The Buddhist Bayon Temple was built in the late 12th or early 13th century and stands in the middle of Angkor Thom, the capital of the empire of King Jayavarman VII.
Its most distinctive feature is its multitude of towers, each bearing a serenely smiling face on each of its four sides.
The gigantic faces bear a striking resemblance to the statues of King Jayavarman VII, which have led some scholars to believe that they are images of the king himself. Others believe that they are representations of the bodhisattva of compassion.
Older temples in Angkor Thom survive. The three-tiered Baphuon Temple, built in the mid-11th century, was dedicated to the Hindu god Shiva.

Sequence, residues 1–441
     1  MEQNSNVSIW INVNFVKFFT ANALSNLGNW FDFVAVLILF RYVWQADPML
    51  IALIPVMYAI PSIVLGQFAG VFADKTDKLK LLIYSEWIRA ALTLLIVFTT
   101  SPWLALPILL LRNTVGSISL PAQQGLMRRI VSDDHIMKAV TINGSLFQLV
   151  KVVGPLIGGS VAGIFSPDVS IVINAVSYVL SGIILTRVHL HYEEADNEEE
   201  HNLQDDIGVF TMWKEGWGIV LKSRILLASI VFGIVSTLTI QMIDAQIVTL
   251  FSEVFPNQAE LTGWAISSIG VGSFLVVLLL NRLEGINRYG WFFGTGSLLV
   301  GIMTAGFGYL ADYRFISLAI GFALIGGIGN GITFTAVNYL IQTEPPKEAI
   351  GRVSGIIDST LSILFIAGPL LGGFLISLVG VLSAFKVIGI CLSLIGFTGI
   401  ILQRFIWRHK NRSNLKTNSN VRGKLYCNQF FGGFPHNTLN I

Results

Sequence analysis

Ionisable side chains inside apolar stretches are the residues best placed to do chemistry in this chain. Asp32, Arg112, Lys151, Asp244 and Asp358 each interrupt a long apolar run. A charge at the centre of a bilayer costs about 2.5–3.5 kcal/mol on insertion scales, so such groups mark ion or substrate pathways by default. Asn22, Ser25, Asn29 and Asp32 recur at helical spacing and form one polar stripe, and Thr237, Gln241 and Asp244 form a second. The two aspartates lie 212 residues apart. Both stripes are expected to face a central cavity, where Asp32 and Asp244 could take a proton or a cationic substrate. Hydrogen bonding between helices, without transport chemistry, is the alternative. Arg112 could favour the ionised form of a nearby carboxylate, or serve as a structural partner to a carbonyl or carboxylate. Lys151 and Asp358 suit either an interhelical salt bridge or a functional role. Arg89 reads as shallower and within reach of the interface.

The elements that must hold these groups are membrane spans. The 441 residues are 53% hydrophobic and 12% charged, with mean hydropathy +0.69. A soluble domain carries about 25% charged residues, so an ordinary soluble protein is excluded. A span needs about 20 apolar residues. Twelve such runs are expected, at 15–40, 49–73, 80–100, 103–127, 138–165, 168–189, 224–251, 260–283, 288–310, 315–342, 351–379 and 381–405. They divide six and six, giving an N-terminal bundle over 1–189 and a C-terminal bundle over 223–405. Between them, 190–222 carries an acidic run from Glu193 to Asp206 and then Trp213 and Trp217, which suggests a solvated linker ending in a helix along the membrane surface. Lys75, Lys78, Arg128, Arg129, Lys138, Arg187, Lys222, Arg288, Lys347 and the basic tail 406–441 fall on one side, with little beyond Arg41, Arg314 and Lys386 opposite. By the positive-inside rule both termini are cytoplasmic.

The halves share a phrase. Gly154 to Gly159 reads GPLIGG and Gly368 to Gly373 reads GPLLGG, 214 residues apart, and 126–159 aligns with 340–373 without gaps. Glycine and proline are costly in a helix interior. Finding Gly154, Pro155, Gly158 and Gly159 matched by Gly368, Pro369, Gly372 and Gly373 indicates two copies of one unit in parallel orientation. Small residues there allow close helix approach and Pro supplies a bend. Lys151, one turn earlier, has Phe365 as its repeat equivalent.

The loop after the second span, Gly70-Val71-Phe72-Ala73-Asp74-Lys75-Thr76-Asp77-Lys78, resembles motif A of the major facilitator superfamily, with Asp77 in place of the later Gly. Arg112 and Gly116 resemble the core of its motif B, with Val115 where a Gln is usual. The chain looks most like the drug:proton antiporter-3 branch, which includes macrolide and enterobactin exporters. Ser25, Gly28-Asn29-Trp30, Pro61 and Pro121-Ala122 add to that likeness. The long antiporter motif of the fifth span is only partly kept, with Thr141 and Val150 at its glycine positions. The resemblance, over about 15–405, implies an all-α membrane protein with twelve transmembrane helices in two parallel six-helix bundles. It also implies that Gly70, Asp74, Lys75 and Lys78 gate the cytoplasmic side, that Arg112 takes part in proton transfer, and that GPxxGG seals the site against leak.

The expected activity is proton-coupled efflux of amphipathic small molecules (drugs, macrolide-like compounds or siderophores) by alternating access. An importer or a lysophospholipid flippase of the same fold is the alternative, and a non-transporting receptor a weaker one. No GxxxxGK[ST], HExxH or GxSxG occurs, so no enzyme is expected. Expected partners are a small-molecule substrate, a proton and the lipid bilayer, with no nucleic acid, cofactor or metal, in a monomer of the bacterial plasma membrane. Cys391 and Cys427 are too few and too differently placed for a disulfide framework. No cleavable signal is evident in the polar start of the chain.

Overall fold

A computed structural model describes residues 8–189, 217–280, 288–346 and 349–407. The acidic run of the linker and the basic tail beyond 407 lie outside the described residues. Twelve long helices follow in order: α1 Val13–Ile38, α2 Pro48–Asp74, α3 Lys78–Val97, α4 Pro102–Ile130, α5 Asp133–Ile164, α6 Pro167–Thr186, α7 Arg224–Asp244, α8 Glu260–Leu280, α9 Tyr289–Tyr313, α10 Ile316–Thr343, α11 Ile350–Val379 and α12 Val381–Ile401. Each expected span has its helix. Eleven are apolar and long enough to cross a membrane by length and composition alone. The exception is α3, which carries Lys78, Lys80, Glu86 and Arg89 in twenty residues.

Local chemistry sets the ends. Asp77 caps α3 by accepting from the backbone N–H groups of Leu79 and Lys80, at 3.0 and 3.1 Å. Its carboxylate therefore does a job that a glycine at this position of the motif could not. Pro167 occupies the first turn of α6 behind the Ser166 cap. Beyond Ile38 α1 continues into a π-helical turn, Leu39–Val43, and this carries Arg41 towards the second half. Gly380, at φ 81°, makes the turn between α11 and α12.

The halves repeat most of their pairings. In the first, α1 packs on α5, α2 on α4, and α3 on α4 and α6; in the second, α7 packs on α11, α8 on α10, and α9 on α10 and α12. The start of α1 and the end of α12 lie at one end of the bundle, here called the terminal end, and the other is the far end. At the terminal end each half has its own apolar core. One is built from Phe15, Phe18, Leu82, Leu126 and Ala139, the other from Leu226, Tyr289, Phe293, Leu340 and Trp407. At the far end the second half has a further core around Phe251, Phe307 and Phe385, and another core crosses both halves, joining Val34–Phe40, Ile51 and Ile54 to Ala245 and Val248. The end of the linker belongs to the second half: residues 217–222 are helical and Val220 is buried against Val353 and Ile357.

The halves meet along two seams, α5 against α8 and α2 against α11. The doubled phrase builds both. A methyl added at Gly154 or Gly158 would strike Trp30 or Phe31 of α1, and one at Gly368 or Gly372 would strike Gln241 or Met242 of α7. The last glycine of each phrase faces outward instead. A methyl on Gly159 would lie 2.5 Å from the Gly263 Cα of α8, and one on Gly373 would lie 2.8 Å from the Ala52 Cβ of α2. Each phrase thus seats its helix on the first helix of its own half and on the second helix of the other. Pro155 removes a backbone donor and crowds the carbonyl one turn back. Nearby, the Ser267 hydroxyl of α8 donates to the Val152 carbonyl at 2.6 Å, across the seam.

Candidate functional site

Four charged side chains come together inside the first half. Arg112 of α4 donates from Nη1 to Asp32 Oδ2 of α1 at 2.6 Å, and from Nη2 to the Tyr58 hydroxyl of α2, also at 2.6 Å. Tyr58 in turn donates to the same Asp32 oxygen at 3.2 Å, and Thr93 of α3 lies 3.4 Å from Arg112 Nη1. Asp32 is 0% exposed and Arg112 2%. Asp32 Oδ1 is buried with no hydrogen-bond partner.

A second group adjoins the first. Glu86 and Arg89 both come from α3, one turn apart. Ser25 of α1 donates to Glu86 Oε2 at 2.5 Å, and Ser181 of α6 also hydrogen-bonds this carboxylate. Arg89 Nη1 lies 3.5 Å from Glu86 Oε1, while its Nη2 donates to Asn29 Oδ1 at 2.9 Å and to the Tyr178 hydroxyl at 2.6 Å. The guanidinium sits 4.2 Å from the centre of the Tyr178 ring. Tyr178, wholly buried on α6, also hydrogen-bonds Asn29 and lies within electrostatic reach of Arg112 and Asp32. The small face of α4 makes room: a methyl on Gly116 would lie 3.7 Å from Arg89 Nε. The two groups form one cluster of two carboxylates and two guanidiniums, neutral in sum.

The 10th century Phimeanakas Temple is located within the walls of the royal palace. It is associated with a very interesting legend which involves the king and a Naga, a mythological creature in the form of a snake which, in Cambodia, has seven heads.
Angkor Thom's kings had a long stone terrace which they used for public ceremonies and audiences. It is now known as the Terrace of the Elephants because of the parade of elephants decorating the surviving portions.